• Daniel Seewald

Embrace the Constraint!

Creativity is often associated with free-thinking, blue sky possibilities and no limitations. But what if the opposite were true? What if to produce a creative breakthrough we had to restrict our creative freedoms? This wild assertion is not entirely nonsense. Afterall, the great William Shakespeare intentionally constrained his writing composition to iambic pentameter – a structure that limits each line of verse to five metrical feet consisting of one short syllable followed by one long syllable. Or consider a lesser known visual artist, Phil Hansen, who faced the ultimate constraint – he lost the ability to keep his hand steady and could no longer paint. Hansen embraced this physical constraint and reinvented his shaky style into an entirely new art form which included drawing on coffee cups to painting with karate moves.

By embracing extreme limits, we can create a focus that unleashes our maximum creative potential. But rather than tell you about constraints, I’d like you to experience it for yourself through a game.

Here are the instructions:

First: Take a pencil and paper and set a clock for 30 seconds.

Second: List all the things that belong in a kitchen.

Ready, Set, Go.

It’s Not Over Yet!

I have a second challenge for you. Here are the instructions:

First: Pick-up your pencil and paper again and reset your clock for 45 seconds.

Second: List all the things that belong in the kitchen that can be used to have a party.

Ready, Set, Go.

The Debrief: The first exercise was very broad. And although you may not have had much difficulty in creating a list of items, you may have felt a bit adrift when producing this list. Many of the items listed were likely more obvious and familiar and didn’t veer into the realm of creative. Whereas, the second round included a constraint. We added “things that can be used to have a party.” It was a small addition, but you may have found that your inventorying process was slightly more focused. For example, an obvious answer might be serving utensils, trays and platters. But with the added time and constraint, you may have felt the need to stretch the definition of “what can be used to have a party” and started to add some more exotic things (for example, drinking glasses -- to serve as flower vases; or steak knives -- to be used for a knife throwing contest). I have administered several variations of this game with thousands of corporate executives, and I consistently find that despite participants struggling at the end of the second exercise, it forces them to activate a part of their brain that they don’t routinely access and broadens the range of creative possibilities.

But don’t just trust my word, there have been several studies that have set out to validate this hypothesis around creative constraints. One such study was carried about by a group of European Social Psychologists who sought to understand whether “obstacles prompt people to look at the "big picture" and open up their minds?” The finding from their series of experiments suggested that confronting obstacles can create a narrowing initially but ultimately enables people to think more globally, draw connections between disparate concepts and produce more creative solutions.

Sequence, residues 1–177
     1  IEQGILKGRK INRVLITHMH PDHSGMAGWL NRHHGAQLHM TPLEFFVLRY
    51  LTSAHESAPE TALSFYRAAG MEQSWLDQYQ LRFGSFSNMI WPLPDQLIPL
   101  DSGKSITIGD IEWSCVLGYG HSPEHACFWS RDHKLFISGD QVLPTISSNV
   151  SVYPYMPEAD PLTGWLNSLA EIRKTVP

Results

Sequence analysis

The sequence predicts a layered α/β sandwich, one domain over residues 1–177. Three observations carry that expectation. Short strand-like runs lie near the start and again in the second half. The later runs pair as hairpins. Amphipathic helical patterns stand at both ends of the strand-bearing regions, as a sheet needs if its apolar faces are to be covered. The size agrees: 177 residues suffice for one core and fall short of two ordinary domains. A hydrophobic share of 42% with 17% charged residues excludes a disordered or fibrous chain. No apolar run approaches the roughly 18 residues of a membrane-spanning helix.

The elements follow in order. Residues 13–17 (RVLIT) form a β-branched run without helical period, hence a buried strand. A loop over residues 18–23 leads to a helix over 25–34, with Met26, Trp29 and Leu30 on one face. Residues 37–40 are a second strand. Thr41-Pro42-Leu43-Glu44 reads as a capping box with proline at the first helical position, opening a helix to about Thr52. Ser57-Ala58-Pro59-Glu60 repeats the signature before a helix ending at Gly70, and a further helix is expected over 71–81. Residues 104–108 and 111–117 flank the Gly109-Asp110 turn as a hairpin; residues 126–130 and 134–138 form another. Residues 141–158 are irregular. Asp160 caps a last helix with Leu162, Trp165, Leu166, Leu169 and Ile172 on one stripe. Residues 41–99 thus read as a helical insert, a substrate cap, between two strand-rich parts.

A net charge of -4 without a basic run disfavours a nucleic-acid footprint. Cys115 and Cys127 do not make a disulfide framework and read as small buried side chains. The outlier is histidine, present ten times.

So, what can you do with this newfound knowledge? Here are a couple of ways to add a constraint to your next challenge to produce a creative breakthrough.

Start with a Simple Constraint

Begin your next problem-solving session by adding a constraint to the exercise. Constraints give us a sorely needed focal point. Here are some examples of simple constraints we can add to our problem-solving formula:

· Time: What if we needed to implement this idea tomorrow morning?

· People: What if we only could work with customers who are under the age of 12?

· Place: What if this could only be done from your couch at home?

· Need: What if we can solve for only the least important customer need?

· Resources: What if we only had $10 to invest in this solution?

Make Your Existing Constraint Extreme

Often when we are overwhelmed by a constraint, we tend to try to avoid or work around the constraint. Instead, we can take the opposite approach and amplify the constraint. I call these extreme constraints. By adding an extreme condition to the problem, it can force your team to think differently about your problem. Here are some ways you can apply an extreme constraint. To illustrate, let’s take a hypothetical problem around hiring shortages of employees for a company.

· Magnify the Constraint: What if the hiring shortage was one hundred times greater?

· Minimize the Constraint: What if there were no people to hire for the next 5 years?

· Reverse the Constraint: What if only employees could hire the companies?

· Combine the Constraint: What if hiring shortages were part of the annual planning process?

· Exaggerate the Constraint: What if we had to hire an entire city?

Constraints are everywhere. But if we embrace the right mindset and harness the power of constraints, we can turn our everyday constraints into opportunities and break ourselves out of our cognitive prisons. Because your next big breakthrough may just require you to limit your creativity to get to the next big idea.

Dan Seewald

To find out more about Deliberate Innovation, please contact me to discuss.


Phone: 201.724.9111

© 2019 Dan Seewald. Created by Design With Artisan

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